The co-founder described 2016 as “very solid” but a “return to normality”. The US – where ANCA is currently expanding its showroom – has been a standout. While manufacturing isn’t in boom times there, many manufacturers are trading in old equipment for new, seeking productivity improvements.
The United States is sometimes cited as a country with approaches to innovation worth learning from.
Boland believes their approach to taxation for business investment is a good one.
“I think that there’s room for more targeted tax rates, things like accelerated depreciation, investment allowances, which actually – rather than spread the tax cuts through the whole economy – have some focus on where it’s the companies which are investing can operate in a lower-tax environment,” said Boland.
“I think a lot of the objections on it all going off to fund the banks and whatever would evaporate if the same level of tax cuts was pushed into something like an investment allowance. We see in the US where for various projects there’s always a spike in investment, where customers are trying to spend money to take advantage of that tax.
“I think for manufacturing in Australia, one thing we need is more investment in capital.”
To continue with the US, ANCA recently made a trip to Chicago’s International Manufacturing Technology Show. Boland said there and elsewhere, the focus on the Internet of Things (sometimes used synonymously with Industry 4.0) was obvious.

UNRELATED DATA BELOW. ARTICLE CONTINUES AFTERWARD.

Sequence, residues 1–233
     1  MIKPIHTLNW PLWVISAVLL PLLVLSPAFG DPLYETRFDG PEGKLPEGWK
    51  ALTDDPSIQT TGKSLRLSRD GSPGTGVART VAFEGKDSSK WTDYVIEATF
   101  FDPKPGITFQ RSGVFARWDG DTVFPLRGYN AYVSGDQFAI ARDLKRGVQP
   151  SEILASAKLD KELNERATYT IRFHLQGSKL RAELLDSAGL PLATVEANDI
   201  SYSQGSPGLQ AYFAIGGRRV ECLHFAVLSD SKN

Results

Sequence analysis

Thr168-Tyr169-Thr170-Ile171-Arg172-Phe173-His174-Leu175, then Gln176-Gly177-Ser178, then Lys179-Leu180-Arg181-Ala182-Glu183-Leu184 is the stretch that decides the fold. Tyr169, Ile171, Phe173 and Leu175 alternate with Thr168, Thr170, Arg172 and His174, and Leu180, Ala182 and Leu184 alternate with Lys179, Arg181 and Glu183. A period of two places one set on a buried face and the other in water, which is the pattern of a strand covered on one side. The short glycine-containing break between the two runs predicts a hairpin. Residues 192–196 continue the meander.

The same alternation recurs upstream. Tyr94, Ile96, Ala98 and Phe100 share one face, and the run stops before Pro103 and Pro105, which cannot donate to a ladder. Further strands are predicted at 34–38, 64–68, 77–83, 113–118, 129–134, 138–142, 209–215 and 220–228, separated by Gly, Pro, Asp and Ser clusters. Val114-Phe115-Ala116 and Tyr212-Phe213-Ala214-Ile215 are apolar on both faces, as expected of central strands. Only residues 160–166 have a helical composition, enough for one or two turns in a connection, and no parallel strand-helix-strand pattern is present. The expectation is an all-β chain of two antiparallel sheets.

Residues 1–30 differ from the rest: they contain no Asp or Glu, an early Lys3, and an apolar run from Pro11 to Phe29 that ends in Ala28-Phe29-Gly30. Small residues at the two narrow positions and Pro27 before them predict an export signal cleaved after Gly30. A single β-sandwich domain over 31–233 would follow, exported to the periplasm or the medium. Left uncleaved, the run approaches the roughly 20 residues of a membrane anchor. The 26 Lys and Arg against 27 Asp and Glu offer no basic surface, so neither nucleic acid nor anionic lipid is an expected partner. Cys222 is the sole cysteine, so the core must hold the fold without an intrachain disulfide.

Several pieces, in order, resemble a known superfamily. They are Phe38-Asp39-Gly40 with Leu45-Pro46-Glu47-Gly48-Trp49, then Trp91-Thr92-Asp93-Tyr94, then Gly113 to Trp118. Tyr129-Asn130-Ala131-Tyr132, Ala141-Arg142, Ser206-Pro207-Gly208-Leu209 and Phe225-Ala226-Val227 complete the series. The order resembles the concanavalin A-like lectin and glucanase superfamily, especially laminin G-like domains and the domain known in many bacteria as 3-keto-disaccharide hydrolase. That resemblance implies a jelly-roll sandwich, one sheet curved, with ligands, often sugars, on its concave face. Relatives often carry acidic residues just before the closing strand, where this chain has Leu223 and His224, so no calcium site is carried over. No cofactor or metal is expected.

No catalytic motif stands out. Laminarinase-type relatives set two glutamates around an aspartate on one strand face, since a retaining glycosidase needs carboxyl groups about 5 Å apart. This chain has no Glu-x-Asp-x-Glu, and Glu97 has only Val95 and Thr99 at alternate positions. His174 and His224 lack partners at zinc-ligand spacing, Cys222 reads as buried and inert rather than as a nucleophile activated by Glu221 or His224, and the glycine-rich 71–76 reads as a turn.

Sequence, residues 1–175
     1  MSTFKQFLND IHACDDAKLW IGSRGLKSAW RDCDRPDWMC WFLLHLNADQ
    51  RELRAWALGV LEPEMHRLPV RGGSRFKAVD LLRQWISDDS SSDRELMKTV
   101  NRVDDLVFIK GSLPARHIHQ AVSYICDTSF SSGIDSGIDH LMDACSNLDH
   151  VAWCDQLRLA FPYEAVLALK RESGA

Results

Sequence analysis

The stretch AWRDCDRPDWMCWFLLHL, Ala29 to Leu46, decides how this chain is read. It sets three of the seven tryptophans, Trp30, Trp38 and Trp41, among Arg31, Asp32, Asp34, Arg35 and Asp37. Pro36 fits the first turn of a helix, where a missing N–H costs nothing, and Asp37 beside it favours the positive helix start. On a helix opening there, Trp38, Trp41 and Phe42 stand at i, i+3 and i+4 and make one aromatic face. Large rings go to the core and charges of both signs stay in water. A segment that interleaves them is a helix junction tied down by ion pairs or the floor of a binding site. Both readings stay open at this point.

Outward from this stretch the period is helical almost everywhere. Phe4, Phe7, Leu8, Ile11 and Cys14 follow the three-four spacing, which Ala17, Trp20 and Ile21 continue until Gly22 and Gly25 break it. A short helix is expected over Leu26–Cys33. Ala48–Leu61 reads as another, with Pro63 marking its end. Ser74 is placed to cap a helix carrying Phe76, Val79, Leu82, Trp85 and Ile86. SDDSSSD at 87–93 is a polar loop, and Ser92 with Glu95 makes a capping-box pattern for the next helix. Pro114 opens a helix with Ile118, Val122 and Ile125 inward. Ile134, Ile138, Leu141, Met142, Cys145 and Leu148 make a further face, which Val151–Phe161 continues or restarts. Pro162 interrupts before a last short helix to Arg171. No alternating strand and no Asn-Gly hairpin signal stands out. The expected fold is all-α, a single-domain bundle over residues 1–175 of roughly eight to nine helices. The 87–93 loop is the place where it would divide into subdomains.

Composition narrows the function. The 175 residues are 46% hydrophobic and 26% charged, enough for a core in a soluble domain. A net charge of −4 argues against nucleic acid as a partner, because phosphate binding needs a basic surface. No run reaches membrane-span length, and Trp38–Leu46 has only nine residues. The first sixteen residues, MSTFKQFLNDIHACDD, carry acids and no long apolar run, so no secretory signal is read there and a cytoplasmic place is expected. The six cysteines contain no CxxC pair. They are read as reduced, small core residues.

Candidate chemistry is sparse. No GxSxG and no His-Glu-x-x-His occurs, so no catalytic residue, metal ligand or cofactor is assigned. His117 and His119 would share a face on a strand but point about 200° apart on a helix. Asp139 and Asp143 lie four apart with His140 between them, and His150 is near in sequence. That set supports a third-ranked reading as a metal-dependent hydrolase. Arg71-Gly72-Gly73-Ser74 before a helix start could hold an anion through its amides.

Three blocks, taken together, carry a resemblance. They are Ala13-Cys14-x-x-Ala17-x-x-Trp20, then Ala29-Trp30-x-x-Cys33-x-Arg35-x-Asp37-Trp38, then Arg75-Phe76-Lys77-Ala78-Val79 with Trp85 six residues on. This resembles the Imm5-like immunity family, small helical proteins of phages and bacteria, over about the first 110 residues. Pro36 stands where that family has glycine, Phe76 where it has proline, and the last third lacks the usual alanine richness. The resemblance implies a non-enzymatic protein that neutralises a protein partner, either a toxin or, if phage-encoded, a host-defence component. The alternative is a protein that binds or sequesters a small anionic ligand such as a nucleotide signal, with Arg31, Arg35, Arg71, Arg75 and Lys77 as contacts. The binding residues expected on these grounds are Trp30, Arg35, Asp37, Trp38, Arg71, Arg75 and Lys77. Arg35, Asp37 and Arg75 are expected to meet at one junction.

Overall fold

“Everywhere it was taking information from the shop floor and collating it and interfacing into ERP systems where you would have a real-time connection from what’s happening on the shop floor to management software through to just machine monitoring,” he said.
Sometimes dismissed as a fad, linking the virtual to physical world – with the intelligent use of data from machines – is something ANCA’s customers are very much interested in.
One recent Swiss visitor to Bayswater told their host that all capital purchases were made according to a 40/140 rule. No machine tool would be bought that didn’t give 140 hours of output from 40 hours of manned operation.
“To achieve that, that really implies that Internet of Things, because obviously there’s a lot of monitoring that’s got to take place if you’re going to achieve that sort of outcome,” said Boland.
And as with elsewhere, spurred by a major customer problem, this is where ANCA will be innovating now and into the future.
“That is a distinct call from our customers – for increased unmanned operation,” said Boland.